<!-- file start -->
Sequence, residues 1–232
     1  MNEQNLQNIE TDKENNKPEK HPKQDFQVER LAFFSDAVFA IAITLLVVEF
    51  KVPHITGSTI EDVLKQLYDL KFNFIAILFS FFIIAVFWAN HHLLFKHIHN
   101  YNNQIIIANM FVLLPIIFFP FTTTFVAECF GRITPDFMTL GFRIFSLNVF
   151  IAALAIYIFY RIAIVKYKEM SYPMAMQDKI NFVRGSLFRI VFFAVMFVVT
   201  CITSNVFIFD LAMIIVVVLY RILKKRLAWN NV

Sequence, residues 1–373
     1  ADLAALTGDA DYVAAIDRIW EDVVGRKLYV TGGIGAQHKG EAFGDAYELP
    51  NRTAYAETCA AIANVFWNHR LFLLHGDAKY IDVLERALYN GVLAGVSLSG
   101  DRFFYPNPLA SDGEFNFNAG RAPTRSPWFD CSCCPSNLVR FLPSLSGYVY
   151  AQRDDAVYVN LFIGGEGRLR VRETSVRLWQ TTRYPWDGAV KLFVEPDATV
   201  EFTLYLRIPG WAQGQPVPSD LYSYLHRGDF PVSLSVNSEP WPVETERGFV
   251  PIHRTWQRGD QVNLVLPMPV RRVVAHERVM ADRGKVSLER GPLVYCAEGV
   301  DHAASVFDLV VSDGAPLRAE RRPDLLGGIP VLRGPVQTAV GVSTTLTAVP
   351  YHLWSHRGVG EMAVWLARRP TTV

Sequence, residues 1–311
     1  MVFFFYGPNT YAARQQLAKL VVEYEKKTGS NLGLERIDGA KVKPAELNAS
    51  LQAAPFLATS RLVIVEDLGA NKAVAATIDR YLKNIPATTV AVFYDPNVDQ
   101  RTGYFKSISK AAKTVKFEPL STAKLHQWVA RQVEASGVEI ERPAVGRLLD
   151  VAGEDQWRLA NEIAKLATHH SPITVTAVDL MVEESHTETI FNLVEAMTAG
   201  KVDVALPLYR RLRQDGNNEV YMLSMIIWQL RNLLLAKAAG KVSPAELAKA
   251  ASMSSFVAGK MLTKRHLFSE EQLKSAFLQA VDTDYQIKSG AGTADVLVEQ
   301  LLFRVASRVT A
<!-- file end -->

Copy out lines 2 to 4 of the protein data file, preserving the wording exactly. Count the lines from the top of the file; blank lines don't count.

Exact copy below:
     1  MNEQNLQNIE TDKENNKPEK HPKQDFQVER LAFFSDAVFA IAITLLVVEF
    51  KVPHITGSTI EDVLKQLYDL KFNFIAILFS FFIIAVFWAN HHLLFKHIHN
   101  YNNQIIIANM FVLLPIIFFP FTTTFVAECF GRITPDFMTL GFRIFSLNVF